Alpine tundra ecosystems are highly vulnerable to climate warming but are governed by local‐scale abiotic heterogeneity, which makes it difficult to predict tundra responses to environmental change. Although land models are typically implemented at global scales, they can be applied at local scales to address process‐based ecological questions. In this study, we ran ecosystem‐scale Community Land Model (CLM) simulations with a novel hillslope hydrology configuration to represent topographically heterogeneous alpine tundra vegetation across a moisture gradient at Niwot Ridge, Colorado, USA. We used local observations to evaluate our simulations and investigated the role of topography and aspect in mediating patterns of snow, productivity, soil moisture, and soil temperature, as well as the potential exposure to climate change across an alpine tundra hillslope. Overall, our simulations captured observed gradients in abiotic conditions and productivity among heterogeneous, hydrologically connected vegetation communities (moist, wet, and dry). We found that south facing aspects were characterized by reduced snowpack and drier and warmer soils in all communities. When we extended our simulations to the year 2100, we found that earlier snowmelt altered the timing of runoff, with cascading effects on soil moisture, productivity, and growing season length. However, these effects were not distributed equally across the tundra, highlighting potential vulnerabilities of alpine vegetation in dry, wind‐scoured, and south facing areas. Overall, our results demonstrate how land model outputs can be applied to advance process‐based understanding of climate change impacts on ecosystem function.
Observed ecological responses to climate change are highly individualistic across species and locations, and understanding the drivers of this variability is essential for management and conservation efforts. While it is clear that differences in exposure, sensitivity, and adaptive capacity all contribute to heterogeneity in climate change vulnerability, predicting these features at macroecological scales remains a critical challenge. We explore multiple drivers of heterogeneous vulnerability across the distributions of 96 vegetation types of the ecologically diverse western US, using data on observed climate trends from 1948 to 2014 to highlight emerging patterns of change. We ask three novel questions about factors potentially shaping vulnerability across the region: (a) How does sensitivity to different climate variables vary geographically and across vegetation classes? (b) How do multivariate climate exposure patterns interact with these sensitivities to shape vulnerability patterns? (c) How different are these vulnerability patterns according to three widely implemented vulnerability paradigms—niche novelty (decline in modeled suitability), temporal novelty (standardized anomaly), and spatial novelty (inbound climate velocity)—each of which uses a distinct frame of reference to quantify climate departure? We propose that considering these three novelty paradigms in combination could help improve our understanding and prediction of heterogeneous climate change responses, and we discuss the distinct climate adaptation strategies connected with different combinations of high and low novelty across the three metrics. Our results reveal a diverse mosaic of climate change vulnerability signatures across the region's plant communities. Each of the above factors contributes strongly to this heterogeneity: climate variable sensitivity exhibits clear patterns across vegetation types, multivariate climate change data reveal highly diverse exposure signatures across locations, and the three novelty paradigms diverge widely in their climate change vulnerability predictions. Together, these results shed light on potential drivers of individualistic climate change responses and may help to inform effective management strategies.more » « less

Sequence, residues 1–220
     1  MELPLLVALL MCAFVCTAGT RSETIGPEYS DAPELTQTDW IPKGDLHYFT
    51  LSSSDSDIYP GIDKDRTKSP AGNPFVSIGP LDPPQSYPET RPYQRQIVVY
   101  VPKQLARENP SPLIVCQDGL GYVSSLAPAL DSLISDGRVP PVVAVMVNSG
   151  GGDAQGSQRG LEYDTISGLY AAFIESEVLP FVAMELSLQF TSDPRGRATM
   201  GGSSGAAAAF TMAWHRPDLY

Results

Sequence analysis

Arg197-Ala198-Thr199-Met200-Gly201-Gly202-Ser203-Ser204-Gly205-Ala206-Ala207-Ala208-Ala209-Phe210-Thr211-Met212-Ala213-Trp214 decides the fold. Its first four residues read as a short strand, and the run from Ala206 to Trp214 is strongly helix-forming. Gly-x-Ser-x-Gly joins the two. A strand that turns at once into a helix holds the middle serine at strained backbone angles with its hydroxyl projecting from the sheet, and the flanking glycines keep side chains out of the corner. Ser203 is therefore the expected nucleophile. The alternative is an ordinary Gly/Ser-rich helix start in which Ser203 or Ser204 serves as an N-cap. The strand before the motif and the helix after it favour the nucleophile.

- NSF-PAR ID:
- Publisher / Repository:
- Date Published:
- Journal Name:
- Global Change Biology
- Page Range / eLocation ID:
- p. 2798-2813
- Medium: X
- Sponsoring Org:
- National Science Foundation
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